I live a rather large life out of a rather small apartment, which translates to a home with not a single square foot wasted.
It's filled with a mix of tools and emptiness - to facilitate flow from one into the other. Projects, relationships, the world...home is my base camp for stepping out and into all of it.
The closet is brimming with potential for adventure: a cornucopia of footwear, clothing, and camping gear to enable dreams. The office is dusted with potential for creativity: an oak desk covered with a revolving cast of projects, a cedar chest with cameras and lenses tucked away, and rough maple lumber tidily leaned up into a corner next to hand tools that will give the wood a second life. The living room's potential is of a more spacious sort; its centrepiece is an ever-expanding pine bookshelf in lieu of a television alongside a smattering of seats waiting to be filled.
And then there's the balcony: a place of urban seasonality, furnished with tarp-covered bicycles hidden from the brunt of winter storms that give way to the tiny garden currently getting large in summer's strong light.
Admittedly, I have a green thumb and I'm happy to use it - a bonsai tree that I've cared for more than 15 years stands testament to both of these facts. Since moving into an apartment with a balcony, the indoor-plant-extravaganza has spilled out into a summer food garden.
This year, however, I've relinquished much of the gardening duties to my partner. She's already discovering some verdant colour under her fingernails, but inevitably plant mama needs to relinquish control to a babysitter at some point. With her out of town for a week, I stepped in to fill the role of primary plant caregiver. And as things oft tend to go when mom's away, things got...interesting.
I am breakfasting alone - or, am I? Out on the balcony, the plants around me are demanding sips of water for their meal alongside my granola.
The railing I lean on is supposed to be repainted tomorrow. Actually, it was slated to be repainted weeks ago - but as the wayward schedules of contractors tend to trend, the date keeps getting pushed back to another tomorrow.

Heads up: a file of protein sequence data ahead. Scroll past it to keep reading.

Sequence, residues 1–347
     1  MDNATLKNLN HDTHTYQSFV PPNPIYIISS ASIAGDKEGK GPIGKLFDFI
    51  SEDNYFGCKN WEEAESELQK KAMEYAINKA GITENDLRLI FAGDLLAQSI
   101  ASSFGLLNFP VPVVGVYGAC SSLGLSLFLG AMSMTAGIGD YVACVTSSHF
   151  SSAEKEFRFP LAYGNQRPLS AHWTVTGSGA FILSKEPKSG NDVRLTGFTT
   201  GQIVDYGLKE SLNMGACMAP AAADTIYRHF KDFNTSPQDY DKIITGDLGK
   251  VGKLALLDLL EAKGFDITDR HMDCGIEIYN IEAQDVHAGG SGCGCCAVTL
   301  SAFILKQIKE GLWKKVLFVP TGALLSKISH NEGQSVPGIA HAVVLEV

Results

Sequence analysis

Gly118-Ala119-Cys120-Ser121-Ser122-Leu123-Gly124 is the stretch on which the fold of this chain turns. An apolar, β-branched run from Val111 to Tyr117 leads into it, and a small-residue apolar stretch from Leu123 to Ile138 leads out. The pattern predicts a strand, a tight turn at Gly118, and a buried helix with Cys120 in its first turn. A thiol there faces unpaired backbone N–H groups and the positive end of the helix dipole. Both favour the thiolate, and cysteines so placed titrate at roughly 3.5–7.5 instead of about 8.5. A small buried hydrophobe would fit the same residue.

Fine for me, but the growing tomatoes, cucumbers, and beans rely upon that railing's stability to bolster themselves against the wild wind on their concrete perch. It becomes a convection oven out here during the heat of the day and, in the midst of their growth spurts, leaves stretch wide to catch the sun and also even the slightest breeze.
The forecast for today has wholeheartedly promised no rain, but thunderheads rising up on the western horizon seem to paint them as liars. While we all futilely wait for the contractors, the thermometer rises to +36 degrees Celsius in the shade and relentless gusts push beyond 90 km/h.
A perfect storm forms.
Have you ever heard of the sport: single-handed prairie tent wrestling? Probably not...which I'll take as a sign that I ought to be better about its marketing.
Picture this: an open field next to a little lake that you wouldn't think capable of whitecaps having, you guessed it, whitecaps. The wave-like gesture flows from water to prairie grass, its undulations welcoming a Hiker to its edge for the night.
As Hiker stops to consider the best way to set up camp, he notices that simply standing upright requires a lean.
"Interesting," Hiker mutters to themselves and the wind.
sail tent, it catches the wind and Hiker leans harder to avoid liftoff. At this point, there's no getting the canvas back in the bag and so, with the simple tools of poles and stakes, it becomes a game of quick reactions where a single mis-stake means outsized setbacks. The stakes were high (sorry, I'm done) - and things were getting pretty tents (okay, now I'm really done).
Does any of this sound awfully specific? That's because I was Hiker.
And lo, single-handed prairie tent wrestling was born. It is quite the sport.
But back to my balcony.
The building shakes with the impact of a swirling blast of wind. Peeking out between the blinds (shuttered to keep the apartment slightly cooler than outside), the plants resemble a cohort of whacky-waving-inflatable-arm-flailing-tube-characters outside of a used car dealership. That is to say, they were anything but upright.
I flashback to my days as a single-handed prairie tent wrestler. Pinning things in the prairie gusts? I've done this before! I gather my wits and tools - sticks of bamboo and twine - and step out into my learned lean against the tempest to stay upright.
A gust bends a gangly tomato plant to touch the floor. I catch its arm before it snaps - anchoring a bamboo stake in a pot and tying a loop of twine to alleviate the strain from a particularly laden arm of fruit (or is it a vegetable?).
In the unrelenting wind, the green beans have tangled themselves upon themselves - akin to the state of a five-year-old's curly locks after a showerless weekend in the woods with dad. Knotted to their limits, the gusts continue threatening to destroy both their stems and my harvest hopes. With each, I carefully undo the delicate mess, one twist at a time.
And the cucumbers...oh the cucumbers. Their reaching arms flail in panic, desperately wrapping around their plant neighbours and pulling on them all at once in an almost audible please-save-me!
I catch their hands in the wind and swiftly unfurl my secret weapon: a bamboo trellis. Guiding the cucumber plant's curling tendrils to both trellis and safety, they latch on, firming up their grip.
The storm passes and, with a little water and a pep talk, everyone's mood lifts and we begin to look a little more lively. Miraculously only one laden arm on a tomato plant was lost. Well, that and my afternoon.
The contractors still have not arrived. I suppose that's how it goes in these little spaces amidst the gusts of summer.